The Independent Riots Communities and Victims Panel was established in the aftermath of the “summer riots” that erupted in the UK in August 2011. The panel, which was staffed by four “experts,” provided the following assessment in its Final Report: “viral silence may have as many dangers as viral noise.” The panel concluded that both “viral noise”—or, rather, the incessant images and news soundings offered through traditional and new (social) media outlets—and “viral silence”—that is, the lack of images and soundings— are potentially hazardous. Yet, the report is clear in its designation of “viral noise” as further motivating the riots during what was described by some as a “night of rampage… by a pack of hounds” and “young thugs” occasioned by a volksgeist  of “mob criminality.” But what about the “viral silences” around the death of 29-year old Mark Duggan who was shot and killed by Metropolitan Police officers in Tottenham on August 4, 2011? Mark’s killing is considered as the key event that precipitated a localized reaction that ultimately spread across the UK. What about the police violence, structural inequalities, and other socio-economic realities—those other “noises”—that are tremors shifting the grounds of our social relations and commitments to the State? Which noise do hegemonies wish to quiet and which silences do they wish to unmake?

To force into silence is to know the power of utterances to radically disrupt and reorder the social. The desire to mute certain voices, certain sounds, emerges from an understanding of the therapeutic, reparative, and imaginative potential of speaking up and out. In fact, what literary trauma theory has made eloquent is the ways in which acts of narrating and storytelling as well as bearing witness open space to truly hear those past sounds that have been violently silenced and to think into being a future that is not entrapped by a cycle of traumatic repetitions. Narrating, storytelling, and bearing witness are creative acts that are at once reflective and constitutive of our life worlds. They emblematize a drive towards life: towards possibility. What surely marks them as dangerous for those who have murderous intentions—or, put differently, a desire to maintain or contain the status quo—is their capacity to resonate and effect change.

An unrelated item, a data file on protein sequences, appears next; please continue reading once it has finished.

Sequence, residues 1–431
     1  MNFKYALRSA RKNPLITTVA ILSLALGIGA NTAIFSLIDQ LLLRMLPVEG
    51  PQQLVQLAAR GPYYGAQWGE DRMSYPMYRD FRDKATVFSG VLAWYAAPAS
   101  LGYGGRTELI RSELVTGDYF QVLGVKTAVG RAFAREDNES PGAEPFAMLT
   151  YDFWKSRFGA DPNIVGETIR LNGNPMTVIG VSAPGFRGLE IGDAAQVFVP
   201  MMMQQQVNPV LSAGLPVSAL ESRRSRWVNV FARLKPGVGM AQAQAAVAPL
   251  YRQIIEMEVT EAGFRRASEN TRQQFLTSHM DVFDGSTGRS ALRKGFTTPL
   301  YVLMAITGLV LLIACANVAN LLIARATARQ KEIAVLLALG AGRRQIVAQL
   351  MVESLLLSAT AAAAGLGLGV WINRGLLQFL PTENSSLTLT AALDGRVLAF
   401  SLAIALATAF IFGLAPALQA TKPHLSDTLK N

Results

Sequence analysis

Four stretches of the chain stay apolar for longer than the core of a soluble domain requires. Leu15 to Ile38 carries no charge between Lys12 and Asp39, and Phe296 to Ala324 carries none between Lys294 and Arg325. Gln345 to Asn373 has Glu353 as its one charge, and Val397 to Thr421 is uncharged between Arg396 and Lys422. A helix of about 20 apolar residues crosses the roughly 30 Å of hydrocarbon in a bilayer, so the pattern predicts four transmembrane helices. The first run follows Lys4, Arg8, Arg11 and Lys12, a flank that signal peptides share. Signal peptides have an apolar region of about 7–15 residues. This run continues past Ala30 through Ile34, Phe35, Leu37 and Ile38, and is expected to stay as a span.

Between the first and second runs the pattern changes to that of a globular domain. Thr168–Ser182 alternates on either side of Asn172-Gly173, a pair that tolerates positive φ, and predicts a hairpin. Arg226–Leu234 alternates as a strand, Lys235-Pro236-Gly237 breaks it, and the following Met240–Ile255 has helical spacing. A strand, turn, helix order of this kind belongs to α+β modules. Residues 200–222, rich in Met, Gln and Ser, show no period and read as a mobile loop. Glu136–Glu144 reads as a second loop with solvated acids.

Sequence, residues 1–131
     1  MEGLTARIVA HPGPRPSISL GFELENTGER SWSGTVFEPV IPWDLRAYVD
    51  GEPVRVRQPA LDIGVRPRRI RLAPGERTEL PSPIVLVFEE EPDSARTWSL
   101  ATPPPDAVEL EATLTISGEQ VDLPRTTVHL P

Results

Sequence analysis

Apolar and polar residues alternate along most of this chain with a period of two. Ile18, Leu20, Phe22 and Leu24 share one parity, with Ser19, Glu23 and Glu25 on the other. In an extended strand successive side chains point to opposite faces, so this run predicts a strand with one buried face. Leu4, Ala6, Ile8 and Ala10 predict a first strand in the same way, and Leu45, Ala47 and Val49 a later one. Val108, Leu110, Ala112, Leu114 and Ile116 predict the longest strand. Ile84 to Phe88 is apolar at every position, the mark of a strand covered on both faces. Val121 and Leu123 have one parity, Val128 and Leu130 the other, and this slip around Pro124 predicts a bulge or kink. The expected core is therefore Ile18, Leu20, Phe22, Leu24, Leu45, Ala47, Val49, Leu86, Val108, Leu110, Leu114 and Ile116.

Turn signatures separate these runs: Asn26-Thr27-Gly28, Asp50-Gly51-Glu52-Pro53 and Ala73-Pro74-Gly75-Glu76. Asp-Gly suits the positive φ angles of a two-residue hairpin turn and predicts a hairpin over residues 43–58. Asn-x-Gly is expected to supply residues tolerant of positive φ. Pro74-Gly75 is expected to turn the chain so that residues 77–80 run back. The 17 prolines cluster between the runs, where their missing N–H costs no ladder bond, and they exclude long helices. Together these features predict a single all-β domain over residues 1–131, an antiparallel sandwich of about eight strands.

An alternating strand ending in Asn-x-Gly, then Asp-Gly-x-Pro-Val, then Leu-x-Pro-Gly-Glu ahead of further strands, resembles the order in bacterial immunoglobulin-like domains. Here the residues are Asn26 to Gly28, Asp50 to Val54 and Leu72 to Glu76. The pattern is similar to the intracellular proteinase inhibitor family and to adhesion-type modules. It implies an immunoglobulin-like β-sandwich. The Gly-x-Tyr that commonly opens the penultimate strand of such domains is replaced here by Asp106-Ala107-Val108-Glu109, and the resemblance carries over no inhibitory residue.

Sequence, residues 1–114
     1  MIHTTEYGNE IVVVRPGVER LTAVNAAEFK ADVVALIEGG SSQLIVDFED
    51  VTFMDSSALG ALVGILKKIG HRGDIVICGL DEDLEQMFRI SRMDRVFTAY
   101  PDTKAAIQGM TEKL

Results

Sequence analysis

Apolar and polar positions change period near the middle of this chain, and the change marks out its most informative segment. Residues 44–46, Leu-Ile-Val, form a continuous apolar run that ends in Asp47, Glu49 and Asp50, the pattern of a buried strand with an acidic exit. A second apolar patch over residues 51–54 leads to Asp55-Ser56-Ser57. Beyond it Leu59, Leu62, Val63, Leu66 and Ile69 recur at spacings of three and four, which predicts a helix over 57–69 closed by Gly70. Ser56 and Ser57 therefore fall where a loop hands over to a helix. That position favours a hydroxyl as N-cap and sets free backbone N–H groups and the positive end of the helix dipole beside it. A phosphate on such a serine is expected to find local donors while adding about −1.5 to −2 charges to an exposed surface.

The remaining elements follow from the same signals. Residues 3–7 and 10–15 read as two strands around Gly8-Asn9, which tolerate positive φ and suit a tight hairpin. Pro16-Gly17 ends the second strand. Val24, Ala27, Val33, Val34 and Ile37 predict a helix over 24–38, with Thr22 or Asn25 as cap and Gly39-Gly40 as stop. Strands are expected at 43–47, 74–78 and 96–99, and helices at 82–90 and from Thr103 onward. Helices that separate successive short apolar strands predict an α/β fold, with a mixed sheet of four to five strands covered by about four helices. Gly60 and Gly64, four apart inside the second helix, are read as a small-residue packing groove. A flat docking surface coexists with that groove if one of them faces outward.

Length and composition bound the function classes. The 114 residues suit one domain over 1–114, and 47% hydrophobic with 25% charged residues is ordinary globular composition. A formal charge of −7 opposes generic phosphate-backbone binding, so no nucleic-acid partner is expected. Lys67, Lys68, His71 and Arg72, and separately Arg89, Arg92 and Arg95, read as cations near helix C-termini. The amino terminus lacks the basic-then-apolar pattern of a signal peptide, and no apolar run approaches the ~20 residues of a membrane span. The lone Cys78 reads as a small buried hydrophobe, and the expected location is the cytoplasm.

According to the Department of Defense Annual Report on Sexual Assault in the Militarythere were 3,158 total reports of sexual assault in the military in 2010, which represents 13.5% of total assaults that year, making the total number of women and men that were assaulted in the military around 19,000.  A military sexual trauma survivor, Monica, shared the following horrific account on an award-winning blog site aptly titled, My Duty to Speak: